There is almost a generation between my husband and I, so when we talk about our respective childhoods, we don’t have many things in common. He went to school with a metal Bonanza lunch box, I carried a plastic Rainbow Bright. The shows I watched in reruns when I was home sick for a day (Happy Days, The Brady Bunch) were the hit prime time shows of his childhood. Our childhoods were different in other ways too. He grew up on military bases in Germany and California and Panama and Kansas. I lived in the same house almost my whole life. He remembers racing through the rainforests of Panama with his brothers. I remember picking cactus out of my fingertips in the desert of Arizona.
While our childhoods were very different, we did share one major thing in common– we spent most of it in Kidland.
Kidland is a state of play, of course, and not an actual physical place. Kidland is where children play when adults aren’t hovering over them. It is where they make their own rules, settle their own fights, and create their own adventures.
Ideally, it is like all of the best parts of Lord of the Flies with a lot less bleeding.
For my twin sister and I, Kidland was our backyard where we built our own exceedingly rickety treehouse and had a jungle gym that was the only safe place from the lava or shark infested ocean beneath us. Kidland was riding our bikes down through the washes (dry riverbeds that could fill in minutes in a summer rain shower) and sneaking into our neighbors backyard to feed apples and carrots to their horse.
Kidland wasn’t just about the freedom to roam on our bikes, although that was a big part of it, it was more about playing without the expectation that grown-ups knew or cared about what we were doing. It quite literally would never have crossed my mind to ask my mother to come play too.
Now that I’m a parent, I struggle sometimes with how much freedom to roam to give my kids. I’m not quite a free range parent but I also don’t feel like I have to be able to see my kids every second that they are out of the house. We live in a city and there is traffic nearby but our neighborhood is also pretty safe. Sometimes I worry more about being judged by other parents than I do about my kids getting abducted or something. But mostly I worry that the kids won’t get to spend enough time in Kidland. A small part of me has sometimes wondered if kids still know how to play like that.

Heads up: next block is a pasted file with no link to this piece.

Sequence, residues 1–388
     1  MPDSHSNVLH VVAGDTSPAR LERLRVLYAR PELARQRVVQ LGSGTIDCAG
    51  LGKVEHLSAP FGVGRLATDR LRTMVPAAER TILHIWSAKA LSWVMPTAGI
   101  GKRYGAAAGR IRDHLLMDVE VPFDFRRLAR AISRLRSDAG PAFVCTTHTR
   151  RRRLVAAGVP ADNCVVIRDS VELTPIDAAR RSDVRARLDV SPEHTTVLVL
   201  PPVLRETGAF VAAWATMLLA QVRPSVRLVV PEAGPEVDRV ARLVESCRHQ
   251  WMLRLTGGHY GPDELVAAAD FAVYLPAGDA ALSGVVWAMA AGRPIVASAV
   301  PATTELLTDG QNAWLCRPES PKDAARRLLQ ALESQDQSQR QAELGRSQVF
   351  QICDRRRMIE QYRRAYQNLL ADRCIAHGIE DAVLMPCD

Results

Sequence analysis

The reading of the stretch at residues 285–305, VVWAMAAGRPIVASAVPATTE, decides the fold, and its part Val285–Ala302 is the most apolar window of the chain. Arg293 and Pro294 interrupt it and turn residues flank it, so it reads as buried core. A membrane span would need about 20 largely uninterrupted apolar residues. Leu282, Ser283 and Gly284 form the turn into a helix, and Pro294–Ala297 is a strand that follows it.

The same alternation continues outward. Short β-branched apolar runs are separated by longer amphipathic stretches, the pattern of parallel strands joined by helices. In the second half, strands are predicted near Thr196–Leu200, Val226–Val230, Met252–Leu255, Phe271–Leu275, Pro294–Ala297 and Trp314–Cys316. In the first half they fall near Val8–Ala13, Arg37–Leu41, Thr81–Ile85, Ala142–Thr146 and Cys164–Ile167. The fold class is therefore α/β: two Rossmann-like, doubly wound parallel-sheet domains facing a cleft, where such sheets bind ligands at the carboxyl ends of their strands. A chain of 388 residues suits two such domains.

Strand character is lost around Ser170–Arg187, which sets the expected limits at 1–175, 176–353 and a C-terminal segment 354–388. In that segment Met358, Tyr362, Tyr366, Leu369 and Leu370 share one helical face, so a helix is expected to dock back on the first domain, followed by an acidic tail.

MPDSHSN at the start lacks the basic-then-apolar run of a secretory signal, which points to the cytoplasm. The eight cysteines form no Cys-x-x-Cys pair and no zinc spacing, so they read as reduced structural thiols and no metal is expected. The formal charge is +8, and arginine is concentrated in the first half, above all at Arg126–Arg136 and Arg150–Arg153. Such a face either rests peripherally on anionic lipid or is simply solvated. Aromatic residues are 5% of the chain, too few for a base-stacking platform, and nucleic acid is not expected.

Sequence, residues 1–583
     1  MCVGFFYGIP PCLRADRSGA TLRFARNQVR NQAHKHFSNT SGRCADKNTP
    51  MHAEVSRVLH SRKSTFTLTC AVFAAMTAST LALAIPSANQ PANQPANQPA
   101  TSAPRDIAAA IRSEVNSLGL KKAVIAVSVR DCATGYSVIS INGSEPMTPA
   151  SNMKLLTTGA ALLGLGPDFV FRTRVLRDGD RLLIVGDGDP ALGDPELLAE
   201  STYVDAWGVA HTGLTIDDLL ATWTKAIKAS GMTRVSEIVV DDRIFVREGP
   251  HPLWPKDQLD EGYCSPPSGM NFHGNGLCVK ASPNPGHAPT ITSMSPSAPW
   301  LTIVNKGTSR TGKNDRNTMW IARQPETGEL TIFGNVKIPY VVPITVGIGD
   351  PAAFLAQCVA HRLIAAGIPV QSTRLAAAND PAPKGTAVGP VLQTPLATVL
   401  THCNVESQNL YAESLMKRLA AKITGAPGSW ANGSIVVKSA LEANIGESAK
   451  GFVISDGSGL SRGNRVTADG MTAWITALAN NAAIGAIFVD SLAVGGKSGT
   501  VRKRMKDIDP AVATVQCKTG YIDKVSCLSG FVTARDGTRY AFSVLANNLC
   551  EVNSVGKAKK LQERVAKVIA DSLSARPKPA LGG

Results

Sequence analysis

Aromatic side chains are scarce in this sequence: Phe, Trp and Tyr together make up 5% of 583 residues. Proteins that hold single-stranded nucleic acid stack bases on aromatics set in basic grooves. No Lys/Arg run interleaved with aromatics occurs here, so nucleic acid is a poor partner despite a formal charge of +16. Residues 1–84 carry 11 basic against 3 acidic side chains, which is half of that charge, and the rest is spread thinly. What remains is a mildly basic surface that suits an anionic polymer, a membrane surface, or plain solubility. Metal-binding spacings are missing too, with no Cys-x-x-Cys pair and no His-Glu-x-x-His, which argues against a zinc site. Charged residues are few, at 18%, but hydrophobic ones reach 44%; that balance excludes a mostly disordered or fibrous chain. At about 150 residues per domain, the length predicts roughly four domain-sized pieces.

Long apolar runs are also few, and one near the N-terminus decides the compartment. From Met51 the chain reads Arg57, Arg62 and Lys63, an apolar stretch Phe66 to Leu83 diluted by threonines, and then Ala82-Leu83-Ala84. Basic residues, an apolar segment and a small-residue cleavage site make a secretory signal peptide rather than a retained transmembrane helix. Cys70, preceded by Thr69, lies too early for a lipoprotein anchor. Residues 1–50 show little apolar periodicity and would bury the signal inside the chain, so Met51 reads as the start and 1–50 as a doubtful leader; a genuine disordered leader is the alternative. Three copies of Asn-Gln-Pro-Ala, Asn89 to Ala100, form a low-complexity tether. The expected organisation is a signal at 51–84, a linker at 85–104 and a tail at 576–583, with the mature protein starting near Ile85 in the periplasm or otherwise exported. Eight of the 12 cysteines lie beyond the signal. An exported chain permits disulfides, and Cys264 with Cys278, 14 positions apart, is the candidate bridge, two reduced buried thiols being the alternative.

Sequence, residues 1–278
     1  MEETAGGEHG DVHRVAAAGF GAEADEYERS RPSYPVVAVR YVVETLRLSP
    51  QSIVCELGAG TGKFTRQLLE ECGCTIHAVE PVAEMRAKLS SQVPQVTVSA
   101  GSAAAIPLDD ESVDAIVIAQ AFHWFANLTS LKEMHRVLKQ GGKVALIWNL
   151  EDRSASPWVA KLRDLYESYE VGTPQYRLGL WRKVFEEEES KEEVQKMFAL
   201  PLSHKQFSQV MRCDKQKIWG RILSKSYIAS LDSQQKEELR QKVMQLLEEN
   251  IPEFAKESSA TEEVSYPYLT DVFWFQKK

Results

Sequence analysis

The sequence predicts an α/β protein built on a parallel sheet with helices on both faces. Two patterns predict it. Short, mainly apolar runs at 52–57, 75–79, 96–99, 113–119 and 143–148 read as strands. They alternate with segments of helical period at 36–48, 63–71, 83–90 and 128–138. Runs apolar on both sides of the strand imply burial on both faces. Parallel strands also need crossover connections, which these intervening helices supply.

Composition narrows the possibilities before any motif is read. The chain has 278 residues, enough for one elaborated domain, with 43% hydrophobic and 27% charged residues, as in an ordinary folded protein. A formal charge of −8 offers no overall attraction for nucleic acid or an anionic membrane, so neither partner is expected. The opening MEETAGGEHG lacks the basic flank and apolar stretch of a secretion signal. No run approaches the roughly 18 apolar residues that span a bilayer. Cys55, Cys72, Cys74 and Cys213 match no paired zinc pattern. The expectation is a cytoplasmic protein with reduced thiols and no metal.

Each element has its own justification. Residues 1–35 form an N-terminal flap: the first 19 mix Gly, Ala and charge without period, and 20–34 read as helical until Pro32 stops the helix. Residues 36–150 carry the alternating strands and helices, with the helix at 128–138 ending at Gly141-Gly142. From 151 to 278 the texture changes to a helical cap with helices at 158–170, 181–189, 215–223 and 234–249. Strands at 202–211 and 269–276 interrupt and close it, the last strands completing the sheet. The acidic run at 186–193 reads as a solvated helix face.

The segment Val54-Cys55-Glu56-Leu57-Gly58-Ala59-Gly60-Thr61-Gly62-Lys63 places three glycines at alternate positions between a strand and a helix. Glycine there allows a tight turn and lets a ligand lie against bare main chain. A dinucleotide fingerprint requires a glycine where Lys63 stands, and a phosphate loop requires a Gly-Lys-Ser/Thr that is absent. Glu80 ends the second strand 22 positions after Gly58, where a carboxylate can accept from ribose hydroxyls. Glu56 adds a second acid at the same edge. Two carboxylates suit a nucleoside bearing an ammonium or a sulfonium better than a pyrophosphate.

Last night, I sat on the porch with a book and listened as my kids and a small pack of neighborhood kids played an elaborate game involving two of the monstrously overgrown zucchinis from my garden. These zucchini, heavy and fat and about half the length of a baseball bat, became babies that needed immediate medical attention. The winter sleds came out of the garage and were attached to a tricycle and an ambulance was born. A little girl from down the street became a surgeon, with an operating room under that tree that the kids can’t climb because the city trims the lower branches back. There were other things going on too that I couldn’t quite figure out. A jump rope was involved and the birdie from the badminton set as well as the cones from the backyard soccer set. Not once, not even when someone was being bossy or when someone else tripped over a crack in the sidewalk and lightly skinned her knee, did any of the kids call for a parent. They certainly didn’t need us.
The play lasted for over an hour, until I had to call my kids in. They usually come in for the night fairly easily but last night they had a hard time pulling themselves out of Kidland. I ended up playing out the maternal stereotype: standing out on the front steps yelling for my children by name: first, middle, and last. It took almost 15 minutes to get them inside, even though the mosquitos were biting and the promise of delicious hotdogs on the table for dinner had been made.
Dinner and bedtime ended up being kind of a shit show, actually, but at least I ended the day secure in the knowledge that even in the helicopter parent era, Kidland can still exist.